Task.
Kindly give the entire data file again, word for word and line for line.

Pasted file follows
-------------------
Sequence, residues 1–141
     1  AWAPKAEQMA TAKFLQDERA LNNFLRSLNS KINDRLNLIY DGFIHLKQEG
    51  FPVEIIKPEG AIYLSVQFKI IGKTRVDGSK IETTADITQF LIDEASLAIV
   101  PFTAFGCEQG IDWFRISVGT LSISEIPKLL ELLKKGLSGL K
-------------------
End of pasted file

Sequence, residues 1–141
     1  AWAPKAEQMA TAKFLQDERA LNNFLRSLNS KINDRLNLIY DGFIHLKQEG
    51  FPVEIIKPEG AIYLSVQFKI IGKTRVDGSK IETTADITQF LIDEASLAIV
   101  PFTAFGCEQG IDWFRISVGT LSISEIPKLL ELLKKGLSGL K